A file is used to cut, trim, or finish a metal or wood project in order to form it to our specifications, such as making it round, square, or angular. High carbon steel is used to make the file. The file is a cutting device made of strong steel with several cutting points. A file is used to cut metal into small or microscopic particles. As a result, a file is typically utilized to add the final touches to a metal or wood project. It is widely used in metalwork and woodwork field.
A metal job gets rough after chipping, and a file is used to smooth it out. When the part of a machine is greater than the required size, a file is utilized to reduce the size. A file is also used when other cutting instruments aren’t available. Files can also be used to sharpen the cutting edges of other cutting instruments.
In this article, you’ll learn the definition, applications, parts, diagrams, and different types of filing tools. You’ll also learn how to file and safety precautions when using files.
Read more: Understanding mechanic toolset
- 1 What is a file tool?
- 2 Applications
- 3 Parts of a file
- 4 Types of files
- 4.1 Classifications according to the length:
- 4.2 Classifications according to the shape:
- 4.3 Join our Newsletter
- 4.4 Classification according to the grades:
- 4.5 Classifications according to the cut:
- 5 How to properly file tools
- 6 Safety Precautions using s File
- 7 Conclusion
What is a file tool?
A file is a tool that is used to remove fine material from a workpiece. It’s widely used in woodworking, metalworking, and other comparable trades and hobbies. The majority are hand tools, constructed of a case hardened steel bar with a rectangle, square, triangular, or circular cross-section cut with sharp, often parallel teeth on one or more surfaces. At one end, a small, pointed tang is common, to which a handle can be attached.
A rasp is a type of file having separate, independently cut teeth that are used to remove huge volumes of material coarsely. Abrasive surfaces, such as natural or synthetic diamond grains or silicon carbide, have also been produced for files, allowing the removal of materials that would dull or resist steel files, such as ceramic.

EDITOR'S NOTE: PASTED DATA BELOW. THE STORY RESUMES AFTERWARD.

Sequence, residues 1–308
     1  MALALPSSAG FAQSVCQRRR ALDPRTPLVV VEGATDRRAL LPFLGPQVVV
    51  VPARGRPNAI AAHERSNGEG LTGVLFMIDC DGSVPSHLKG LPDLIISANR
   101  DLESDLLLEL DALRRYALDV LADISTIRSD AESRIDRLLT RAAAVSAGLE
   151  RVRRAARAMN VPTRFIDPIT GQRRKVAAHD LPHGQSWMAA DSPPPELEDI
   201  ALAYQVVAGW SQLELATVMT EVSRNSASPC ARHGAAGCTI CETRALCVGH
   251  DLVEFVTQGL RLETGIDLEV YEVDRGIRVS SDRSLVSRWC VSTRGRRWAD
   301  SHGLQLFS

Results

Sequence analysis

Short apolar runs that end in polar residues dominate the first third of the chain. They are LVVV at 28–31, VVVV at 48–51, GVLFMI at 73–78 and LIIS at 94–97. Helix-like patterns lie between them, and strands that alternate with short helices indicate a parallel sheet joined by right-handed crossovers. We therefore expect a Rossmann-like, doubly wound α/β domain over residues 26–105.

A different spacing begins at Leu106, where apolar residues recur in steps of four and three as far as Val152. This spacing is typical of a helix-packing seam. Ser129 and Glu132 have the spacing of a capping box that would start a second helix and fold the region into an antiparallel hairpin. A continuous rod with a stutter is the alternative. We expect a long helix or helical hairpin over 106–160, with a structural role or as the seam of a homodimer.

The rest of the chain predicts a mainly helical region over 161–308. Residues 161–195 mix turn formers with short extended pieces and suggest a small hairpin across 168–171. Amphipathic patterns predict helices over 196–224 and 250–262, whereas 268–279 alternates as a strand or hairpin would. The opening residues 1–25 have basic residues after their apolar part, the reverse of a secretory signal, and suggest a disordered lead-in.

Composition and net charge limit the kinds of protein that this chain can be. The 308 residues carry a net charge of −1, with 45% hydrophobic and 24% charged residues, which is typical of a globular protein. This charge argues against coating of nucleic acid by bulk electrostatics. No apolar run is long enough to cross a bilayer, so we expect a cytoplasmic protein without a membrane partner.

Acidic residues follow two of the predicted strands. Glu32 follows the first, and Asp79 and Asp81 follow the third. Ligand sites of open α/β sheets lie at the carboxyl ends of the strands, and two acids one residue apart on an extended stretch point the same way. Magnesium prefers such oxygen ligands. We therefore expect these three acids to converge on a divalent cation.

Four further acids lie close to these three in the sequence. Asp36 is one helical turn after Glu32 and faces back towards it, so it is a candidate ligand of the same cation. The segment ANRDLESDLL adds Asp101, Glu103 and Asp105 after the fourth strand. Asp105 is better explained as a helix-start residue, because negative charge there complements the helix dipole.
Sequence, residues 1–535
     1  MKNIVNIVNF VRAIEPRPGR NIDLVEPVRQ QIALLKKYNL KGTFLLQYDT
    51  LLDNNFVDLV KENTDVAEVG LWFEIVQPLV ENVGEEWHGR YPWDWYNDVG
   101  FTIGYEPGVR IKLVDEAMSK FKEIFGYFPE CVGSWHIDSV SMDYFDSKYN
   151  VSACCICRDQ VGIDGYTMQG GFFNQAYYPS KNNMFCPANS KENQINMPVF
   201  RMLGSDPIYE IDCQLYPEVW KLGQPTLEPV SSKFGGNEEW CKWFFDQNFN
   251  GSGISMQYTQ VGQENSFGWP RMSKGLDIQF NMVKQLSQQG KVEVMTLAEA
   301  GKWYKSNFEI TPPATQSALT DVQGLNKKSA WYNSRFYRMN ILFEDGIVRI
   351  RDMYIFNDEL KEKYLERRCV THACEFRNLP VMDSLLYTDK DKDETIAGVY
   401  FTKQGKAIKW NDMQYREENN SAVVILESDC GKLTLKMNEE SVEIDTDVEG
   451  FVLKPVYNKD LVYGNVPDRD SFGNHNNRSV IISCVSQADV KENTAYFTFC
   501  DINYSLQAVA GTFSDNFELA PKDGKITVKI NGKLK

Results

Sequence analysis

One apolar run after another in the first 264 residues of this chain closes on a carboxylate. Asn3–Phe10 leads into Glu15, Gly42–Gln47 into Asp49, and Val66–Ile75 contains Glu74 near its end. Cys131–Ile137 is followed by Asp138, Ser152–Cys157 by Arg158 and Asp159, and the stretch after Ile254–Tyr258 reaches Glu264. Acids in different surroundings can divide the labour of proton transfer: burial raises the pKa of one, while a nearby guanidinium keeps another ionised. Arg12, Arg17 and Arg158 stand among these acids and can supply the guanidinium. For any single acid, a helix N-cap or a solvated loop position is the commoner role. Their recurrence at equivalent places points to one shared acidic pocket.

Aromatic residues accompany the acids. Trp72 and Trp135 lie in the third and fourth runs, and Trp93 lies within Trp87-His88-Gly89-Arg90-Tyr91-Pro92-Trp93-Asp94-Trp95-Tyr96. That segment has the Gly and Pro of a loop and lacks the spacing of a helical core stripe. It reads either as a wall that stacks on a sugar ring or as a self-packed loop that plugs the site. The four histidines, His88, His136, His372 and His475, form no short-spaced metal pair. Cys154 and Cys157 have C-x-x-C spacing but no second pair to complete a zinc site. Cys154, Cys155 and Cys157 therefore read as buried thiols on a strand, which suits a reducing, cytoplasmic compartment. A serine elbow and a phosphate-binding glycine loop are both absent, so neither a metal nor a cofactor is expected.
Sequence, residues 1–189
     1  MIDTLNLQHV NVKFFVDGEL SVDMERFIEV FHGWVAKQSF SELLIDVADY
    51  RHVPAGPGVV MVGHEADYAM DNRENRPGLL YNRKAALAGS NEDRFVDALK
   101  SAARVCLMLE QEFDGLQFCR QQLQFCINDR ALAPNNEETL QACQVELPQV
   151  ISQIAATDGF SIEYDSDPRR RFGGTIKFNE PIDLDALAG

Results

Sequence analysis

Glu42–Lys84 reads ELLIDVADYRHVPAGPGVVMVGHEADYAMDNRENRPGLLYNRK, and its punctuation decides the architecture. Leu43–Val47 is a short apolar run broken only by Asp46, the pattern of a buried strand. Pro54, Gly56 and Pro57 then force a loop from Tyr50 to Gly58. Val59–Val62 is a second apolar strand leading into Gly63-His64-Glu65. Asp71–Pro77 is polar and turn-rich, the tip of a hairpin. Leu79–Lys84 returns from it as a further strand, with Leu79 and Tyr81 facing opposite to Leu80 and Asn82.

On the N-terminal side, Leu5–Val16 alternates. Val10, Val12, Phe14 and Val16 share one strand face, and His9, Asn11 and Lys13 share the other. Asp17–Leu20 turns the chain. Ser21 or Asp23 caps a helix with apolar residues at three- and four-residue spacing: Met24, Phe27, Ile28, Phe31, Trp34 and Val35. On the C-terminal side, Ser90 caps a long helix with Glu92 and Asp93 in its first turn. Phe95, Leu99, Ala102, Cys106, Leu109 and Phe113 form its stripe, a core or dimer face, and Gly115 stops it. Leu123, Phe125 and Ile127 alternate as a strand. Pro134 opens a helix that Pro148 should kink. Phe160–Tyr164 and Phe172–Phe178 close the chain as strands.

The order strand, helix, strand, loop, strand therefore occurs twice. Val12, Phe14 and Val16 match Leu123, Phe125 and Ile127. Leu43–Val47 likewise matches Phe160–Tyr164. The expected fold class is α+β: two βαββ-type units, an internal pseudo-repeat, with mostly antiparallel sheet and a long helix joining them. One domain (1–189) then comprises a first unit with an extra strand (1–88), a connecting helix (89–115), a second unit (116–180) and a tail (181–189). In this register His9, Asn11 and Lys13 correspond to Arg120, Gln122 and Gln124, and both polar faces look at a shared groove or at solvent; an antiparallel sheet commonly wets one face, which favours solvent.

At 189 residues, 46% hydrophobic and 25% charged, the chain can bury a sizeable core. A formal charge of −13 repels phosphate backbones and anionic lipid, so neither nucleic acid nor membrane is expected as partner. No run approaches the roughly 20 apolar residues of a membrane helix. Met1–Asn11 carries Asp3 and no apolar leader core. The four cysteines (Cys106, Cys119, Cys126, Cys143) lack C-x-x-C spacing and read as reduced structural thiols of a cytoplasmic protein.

Below are the common applications of files:
- A file is used to apply the final touches to a metal or wood project.
- A metal job gets rough after chipping, and a file is used to smooth it out.
- When the part of a machine is greater than the required size, a file is utilized to reduce the size.
- A file is also utilized in places where other cutting instruments aren’t possible.
- Files can also be used to sharpen the cutting edges of other cutting instruments.
Parts of a file
The followings are the major parts of a file
- Tip or Point
Its tang is fitted with a wooden handle. Teeth are cut on the front and back to allow them to accomplish their function of cutting. The heel is the part of the body that has no teeth. The file’s thick side is known as the edge, while the file’s lower end is known as the tip or point.
Diagram of a file:
Types of files
There are different types of files out there with specifications. The following are the classifications of files:
- According to the length
- According to the shape
- According to the grades
- According to the cut.
Classifications according to the length:
The length of a file is used to determine its size. This length encompasses the entire file except for the tang area, i.e. the file’s length from heel to tip. Files of a length of 100 mm to 450 mm are utilized in the fitter trade.